A turkey for the White House: 4-Hers helping raise bird that Trump might pardon
There's a group of young ladies from Douglas County who know how to talk turkey.
The five 4-H students, from different 4-H groups, teamed up to compete in the Douglas County 4-H Science of Agriculture Challenge.
The challenge is designed so that a 4-H group works with a partner who acts as a mentor and helps define a problem the group can hopefully solve.
The team of Katie Kent, Kerryn Lund, Christina Kuismi, Kodi Bundermann and Kayla Egenes partnered with turkey farmers, Carl and Sharlene Wittenburg from Alexandria.
According to Jodi Hintzen, Douglas County 4-H program coordinator, the experience for the group of girls is part of a larger opportunity in helping the Wittenburgs raise a turkey that will be a part of the presidential pardon ceremony this Thanksgiving.
"This team will raise the turkey that will eventually be chosen," said Hintzen. "They will also perform outreach about agriculture, 4-H and the turkey industry throughout Minnesota."
Recently, the 4-H'ers presented their turkey project to a small group at the 4-H extension office at the Douglas County Library. The presentation was practice before the girls competed in the state 4-H Science of Agriculture competition. The 4-H team from Douglas County ended up placing second at the state competition and each of the five members received a $750 scholarship.
For their turkey project, the girls studied several different options for turkey bedding. They tested the products in turkey pens at the Wittenburg farm, as well as gathered information from other turkey growers when they went to the Midwest Poultry Convention.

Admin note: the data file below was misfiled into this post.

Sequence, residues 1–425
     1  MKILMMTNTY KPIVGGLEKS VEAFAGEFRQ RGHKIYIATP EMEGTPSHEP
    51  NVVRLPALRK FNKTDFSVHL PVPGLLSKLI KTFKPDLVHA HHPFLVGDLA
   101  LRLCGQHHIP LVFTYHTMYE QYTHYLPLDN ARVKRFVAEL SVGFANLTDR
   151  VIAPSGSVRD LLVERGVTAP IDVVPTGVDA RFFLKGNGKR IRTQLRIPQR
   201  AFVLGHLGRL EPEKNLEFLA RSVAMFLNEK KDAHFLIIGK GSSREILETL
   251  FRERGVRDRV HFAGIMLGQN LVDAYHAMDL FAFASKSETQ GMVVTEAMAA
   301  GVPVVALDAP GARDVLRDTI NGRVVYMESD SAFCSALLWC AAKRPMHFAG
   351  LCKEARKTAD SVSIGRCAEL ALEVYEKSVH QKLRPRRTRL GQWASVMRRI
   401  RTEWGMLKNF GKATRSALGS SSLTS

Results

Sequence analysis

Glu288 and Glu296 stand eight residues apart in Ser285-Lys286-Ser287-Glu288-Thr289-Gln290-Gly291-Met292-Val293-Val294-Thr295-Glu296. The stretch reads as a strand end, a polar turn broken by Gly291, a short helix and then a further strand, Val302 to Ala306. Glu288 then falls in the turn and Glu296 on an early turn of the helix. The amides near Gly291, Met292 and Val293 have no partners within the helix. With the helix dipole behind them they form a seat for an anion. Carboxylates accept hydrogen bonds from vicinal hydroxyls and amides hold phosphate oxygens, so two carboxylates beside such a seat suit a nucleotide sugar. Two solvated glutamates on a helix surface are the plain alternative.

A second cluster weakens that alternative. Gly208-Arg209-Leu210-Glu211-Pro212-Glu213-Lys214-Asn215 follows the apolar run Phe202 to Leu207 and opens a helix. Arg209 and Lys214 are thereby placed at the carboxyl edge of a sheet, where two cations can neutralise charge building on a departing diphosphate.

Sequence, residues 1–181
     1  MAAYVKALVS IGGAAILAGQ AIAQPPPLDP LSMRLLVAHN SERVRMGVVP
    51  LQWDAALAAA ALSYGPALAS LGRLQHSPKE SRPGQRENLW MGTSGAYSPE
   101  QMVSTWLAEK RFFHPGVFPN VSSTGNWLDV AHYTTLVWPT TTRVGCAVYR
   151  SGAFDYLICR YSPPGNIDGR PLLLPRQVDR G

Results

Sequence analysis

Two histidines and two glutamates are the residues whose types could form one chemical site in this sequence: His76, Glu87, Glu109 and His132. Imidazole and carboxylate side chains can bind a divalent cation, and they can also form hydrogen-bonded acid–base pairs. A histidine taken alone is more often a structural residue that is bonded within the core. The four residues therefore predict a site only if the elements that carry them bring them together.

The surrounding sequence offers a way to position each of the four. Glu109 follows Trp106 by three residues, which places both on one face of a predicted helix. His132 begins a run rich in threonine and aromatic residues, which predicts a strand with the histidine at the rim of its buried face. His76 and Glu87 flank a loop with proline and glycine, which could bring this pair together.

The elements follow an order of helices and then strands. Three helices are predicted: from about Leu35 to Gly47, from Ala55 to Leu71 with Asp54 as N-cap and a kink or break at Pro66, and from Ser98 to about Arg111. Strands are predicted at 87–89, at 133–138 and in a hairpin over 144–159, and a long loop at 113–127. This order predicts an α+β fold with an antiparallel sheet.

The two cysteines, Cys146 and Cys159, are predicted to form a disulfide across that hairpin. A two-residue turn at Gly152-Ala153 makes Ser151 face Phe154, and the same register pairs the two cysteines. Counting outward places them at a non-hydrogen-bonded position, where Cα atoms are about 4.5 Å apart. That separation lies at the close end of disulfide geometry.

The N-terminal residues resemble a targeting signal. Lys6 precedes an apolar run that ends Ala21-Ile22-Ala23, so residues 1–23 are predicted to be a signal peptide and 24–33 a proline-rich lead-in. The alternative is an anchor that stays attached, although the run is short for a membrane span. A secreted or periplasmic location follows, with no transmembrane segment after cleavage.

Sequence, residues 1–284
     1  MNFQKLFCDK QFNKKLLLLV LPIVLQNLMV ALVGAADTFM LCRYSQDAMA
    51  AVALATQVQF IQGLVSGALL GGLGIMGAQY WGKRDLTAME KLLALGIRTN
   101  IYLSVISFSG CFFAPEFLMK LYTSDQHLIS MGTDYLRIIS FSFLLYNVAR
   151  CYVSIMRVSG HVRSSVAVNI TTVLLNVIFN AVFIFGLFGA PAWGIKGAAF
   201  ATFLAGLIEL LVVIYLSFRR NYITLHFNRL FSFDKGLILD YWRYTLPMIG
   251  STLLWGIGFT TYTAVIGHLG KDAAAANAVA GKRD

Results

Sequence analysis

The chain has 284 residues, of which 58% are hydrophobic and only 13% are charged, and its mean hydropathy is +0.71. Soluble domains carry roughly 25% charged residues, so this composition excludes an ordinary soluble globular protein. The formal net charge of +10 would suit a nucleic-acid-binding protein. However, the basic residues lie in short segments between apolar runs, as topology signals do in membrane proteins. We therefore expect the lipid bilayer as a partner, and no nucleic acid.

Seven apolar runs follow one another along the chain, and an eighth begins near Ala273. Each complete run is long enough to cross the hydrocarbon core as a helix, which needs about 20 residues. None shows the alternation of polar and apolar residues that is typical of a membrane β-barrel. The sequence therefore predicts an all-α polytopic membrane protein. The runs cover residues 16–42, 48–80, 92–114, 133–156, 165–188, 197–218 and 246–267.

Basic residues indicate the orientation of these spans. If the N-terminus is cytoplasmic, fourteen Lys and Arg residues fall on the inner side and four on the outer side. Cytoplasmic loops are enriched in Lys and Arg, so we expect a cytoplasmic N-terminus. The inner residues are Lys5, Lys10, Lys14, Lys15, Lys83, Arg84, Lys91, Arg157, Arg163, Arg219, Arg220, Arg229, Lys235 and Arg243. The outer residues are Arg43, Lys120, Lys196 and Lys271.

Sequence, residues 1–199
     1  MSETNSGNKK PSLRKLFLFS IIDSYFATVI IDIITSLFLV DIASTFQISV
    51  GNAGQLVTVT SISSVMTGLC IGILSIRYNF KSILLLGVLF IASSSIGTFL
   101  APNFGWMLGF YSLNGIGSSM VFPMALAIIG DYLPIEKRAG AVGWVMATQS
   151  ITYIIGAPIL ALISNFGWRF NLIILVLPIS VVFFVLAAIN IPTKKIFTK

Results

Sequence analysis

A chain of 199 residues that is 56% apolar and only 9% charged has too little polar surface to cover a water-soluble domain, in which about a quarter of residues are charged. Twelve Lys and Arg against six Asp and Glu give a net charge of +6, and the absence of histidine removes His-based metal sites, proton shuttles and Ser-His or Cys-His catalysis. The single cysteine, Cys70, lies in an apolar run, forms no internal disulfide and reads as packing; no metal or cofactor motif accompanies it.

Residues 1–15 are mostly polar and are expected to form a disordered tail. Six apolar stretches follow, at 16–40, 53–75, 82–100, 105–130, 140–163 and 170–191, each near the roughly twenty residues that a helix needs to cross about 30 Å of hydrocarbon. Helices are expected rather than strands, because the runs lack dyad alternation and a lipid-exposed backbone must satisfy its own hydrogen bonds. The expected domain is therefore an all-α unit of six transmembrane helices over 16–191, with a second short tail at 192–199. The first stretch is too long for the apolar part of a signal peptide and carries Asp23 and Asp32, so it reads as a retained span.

"I was impressed how they dug right in and got their hands dirty, so to speak," said Hintzen. "They put in many hours taking care of the turkeys, creating and setting up the experiment, sorting through the results and putting their presentation together. All the while, they were busy with school, extra-curricular activities and jobs."
Hintzen said the girls took the challenge seriously and worked well as a team, supporting each other throughout the process. She said they were able to use the scientific process in a real-world situation and analyze the data to support or refute their hypothesis.
Barb Egenes, the volunteer coach who supported and guided the team, said with the project, the girls learned by doing and that that is a big part of the 4-H experience.
"I am proud to be a part of this hard-working team," said Egenes. "Prior to this, none of us had much knowledge about the turkey industry but we have learned a lot. I am particularly proud of how the kids jumped right in and they have been busy from day one learning about turkeys, taking care of the turkeys, running experiments and analyzing the data."
During the presentation, the girls said it was a fun project and that they learned a lot. They are also looking forward to continuing to work with the Wittenburgs and the turkey project.
Note: Watch the Echo Press for continuing coverage of the turkeys and the Wittenburgs as they make their way to the White House with their turkeys for the presidential pardon ceremony in November.